ByMichael Siebenaler, writer at
Love movies and how they change people's lives.
Michael Siebenaler

Fifteen years may seem like a long time, but time has passed quickly since 2001, a good year in fun, entertaining action movies. Indeed, Paul Walker was on the cusp of a career-defining role and Peter Jackson was about to release one of the biggest adaptations of all time. But before we go into the top 10 list, let's take a moment to credit some honorable mentions.

First, let's pay tribute to Pearl Harbor, Behind Enemy Lines and Black Hawk Down, who haven't been included because war and Western movies get their own genres. Another movie that has been excluded is the 1993 film Iron Monkey, which received its US theatrical release in 2001. It's an amazing martial arts movie from Hong Kong that would’ve easily made my top five had it been originally released 15 years ago.

Also under consideration were Collateral Damage, Windtalkers, and Rollerball, which were each originally slated for a 2001 release, but hit the market in 2002.

Now on with the best action movies of 2001!

Number 10: Lara Croft: Tomb Raider

An entertaining movie that didn’t quite live up to its potential with its subpar storyline, but is thankfully better than its sequel. Angelina Jolie definitely owned the role and had genuine fun as the privileged but adventurous Lara Croft, taking the audience on an entertaining romp across Cambodia, England and Iceland. Look for rising star Alicia Vikander to soon take over the role.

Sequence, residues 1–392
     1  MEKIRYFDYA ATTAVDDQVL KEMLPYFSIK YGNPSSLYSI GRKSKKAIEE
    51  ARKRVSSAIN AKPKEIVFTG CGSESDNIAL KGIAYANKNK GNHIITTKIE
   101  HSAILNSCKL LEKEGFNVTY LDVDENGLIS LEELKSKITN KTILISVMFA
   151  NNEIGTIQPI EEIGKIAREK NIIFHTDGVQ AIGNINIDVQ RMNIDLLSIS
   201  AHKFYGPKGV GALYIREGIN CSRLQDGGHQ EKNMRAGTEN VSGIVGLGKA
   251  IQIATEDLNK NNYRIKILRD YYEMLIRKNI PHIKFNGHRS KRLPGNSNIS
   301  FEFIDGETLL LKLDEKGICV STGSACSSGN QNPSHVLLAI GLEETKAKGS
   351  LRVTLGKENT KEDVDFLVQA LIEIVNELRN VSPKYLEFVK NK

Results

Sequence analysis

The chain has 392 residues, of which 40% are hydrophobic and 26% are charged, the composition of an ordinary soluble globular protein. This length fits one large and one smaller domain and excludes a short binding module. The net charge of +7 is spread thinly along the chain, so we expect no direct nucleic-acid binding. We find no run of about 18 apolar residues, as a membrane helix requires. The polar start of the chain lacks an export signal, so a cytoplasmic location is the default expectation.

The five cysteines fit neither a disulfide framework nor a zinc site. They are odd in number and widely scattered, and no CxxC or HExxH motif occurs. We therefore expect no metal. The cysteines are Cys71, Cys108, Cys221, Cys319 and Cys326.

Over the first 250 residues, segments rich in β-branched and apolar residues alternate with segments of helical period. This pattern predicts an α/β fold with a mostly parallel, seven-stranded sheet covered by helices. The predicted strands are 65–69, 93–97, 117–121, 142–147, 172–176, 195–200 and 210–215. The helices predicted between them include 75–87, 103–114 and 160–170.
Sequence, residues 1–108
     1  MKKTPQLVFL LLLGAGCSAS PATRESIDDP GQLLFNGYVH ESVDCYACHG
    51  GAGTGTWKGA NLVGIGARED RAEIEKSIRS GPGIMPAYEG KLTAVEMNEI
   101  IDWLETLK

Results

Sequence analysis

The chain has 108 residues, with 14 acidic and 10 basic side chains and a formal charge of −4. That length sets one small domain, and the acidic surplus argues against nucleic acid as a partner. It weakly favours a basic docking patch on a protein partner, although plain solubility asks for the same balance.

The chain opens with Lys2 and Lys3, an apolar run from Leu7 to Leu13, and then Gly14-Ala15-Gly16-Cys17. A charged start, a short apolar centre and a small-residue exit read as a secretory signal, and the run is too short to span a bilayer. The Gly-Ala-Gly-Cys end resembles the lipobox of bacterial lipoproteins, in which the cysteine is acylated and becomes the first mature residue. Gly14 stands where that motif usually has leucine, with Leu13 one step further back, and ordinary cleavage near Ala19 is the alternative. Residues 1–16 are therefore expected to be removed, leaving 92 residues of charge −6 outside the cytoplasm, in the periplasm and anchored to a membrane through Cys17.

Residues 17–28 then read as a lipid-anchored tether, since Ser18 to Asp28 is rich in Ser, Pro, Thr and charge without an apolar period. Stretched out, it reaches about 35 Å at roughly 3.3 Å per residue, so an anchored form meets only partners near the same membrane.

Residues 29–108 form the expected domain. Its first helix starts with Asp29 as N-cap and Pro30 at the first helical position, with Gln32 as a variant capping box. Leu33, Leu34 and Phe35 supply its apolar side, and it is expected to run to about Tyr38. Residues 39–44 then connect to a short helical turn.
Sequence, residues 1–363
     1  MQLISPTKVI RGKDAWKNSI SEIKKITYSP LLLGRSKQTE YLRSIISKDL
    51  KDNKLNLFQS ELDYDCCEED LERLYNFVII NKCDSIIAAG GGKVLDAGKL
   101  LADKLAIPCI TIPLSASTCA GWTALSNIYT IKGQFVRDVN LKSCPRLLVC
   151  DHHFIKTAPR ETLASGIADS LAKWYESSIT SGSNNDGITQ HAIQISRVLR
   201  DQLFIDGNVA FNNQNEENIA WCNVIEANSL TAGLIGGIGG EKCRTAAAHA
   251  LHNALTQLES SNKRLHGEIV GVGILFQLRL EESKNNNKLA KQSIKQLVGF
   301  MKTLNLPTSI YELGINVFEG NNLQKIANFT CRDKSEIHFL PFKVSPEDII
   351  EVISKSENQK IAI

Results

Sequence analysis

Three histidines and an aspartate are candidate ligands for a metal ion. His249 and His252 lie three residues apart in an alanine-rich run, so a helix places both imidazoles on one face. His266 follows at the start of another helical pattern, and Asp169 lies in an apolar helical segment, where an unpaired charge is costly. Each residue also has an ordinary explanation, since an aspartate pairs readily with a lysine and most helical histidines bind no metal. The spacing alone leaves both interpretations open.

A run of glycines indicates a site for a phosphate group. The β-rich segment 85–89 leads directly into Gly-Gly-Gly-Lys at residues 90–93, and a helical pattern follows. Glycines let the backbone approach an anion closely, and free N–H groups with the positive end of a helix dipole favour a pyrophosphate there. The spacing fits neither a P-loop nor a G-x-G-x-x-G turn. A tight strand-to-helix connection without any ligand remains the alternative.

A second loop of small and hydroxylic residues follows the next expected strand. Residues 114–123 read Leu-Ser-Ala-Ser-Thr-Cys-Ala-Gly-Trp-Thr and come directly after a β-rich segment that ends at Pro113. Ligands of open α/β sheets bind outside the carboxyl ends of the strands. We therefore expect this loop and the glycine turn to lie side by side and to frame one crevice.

Number 9: Jurassic Park III

The franchise survived without Steven Spielberg behind the camera, as Sam Neill and Laura Dern returned along with William H. Macy and Téa Leoni. In the movie, once humans reach the island, the action doesn’t let up until the very end — except, that is, for a few rest-stop reflections, including an interesting analogy from Dr. Grant (Neill) about mankind.

Stan Winston once again does a great job with the special effects, especially that of a mobile dinosaur herd sequence. Audiences might have expected this movie to bust out with an additional action scene at the end — which happened in Jurassic World — especially considering the elements that enter the island.

Number 8: The One

The story was a bit weak, but this movie represented the best US-made action vehicle for Jet Li. While playing multiple roles, he performed an amazing array of martial arts sequences. Jason Statham was a tough-guy complement to Li, while the underrated Delroy Lindo provided great support. The now-seasoned action genre actress Carla Gugino (Spy Kids, San Andreas) got a great entrée, cast as Li’s wife. While some of the story's attempts at suspense were a bit pathetic, such as the scene with the cat, this high-energy movie still entertains at an above average level.

Number 7: The Mummy Returns

Many recycled yet marketable story elements existed in this sequel, but the cast and crew still made it a credible action vehicle nonetheless. As in the first movie of the series, The Mummy Returns utilized in-your-face special effects with touches of comedy, resulting in more surprises and thrills than actual scares. The writers did a nice job of tying all the subplots together while giving each character the appropriate amount of screen time (that’s why The Rock’s screen time was minimal. Still complaining? Check out The Scorpion King).

Number 6: Swordfish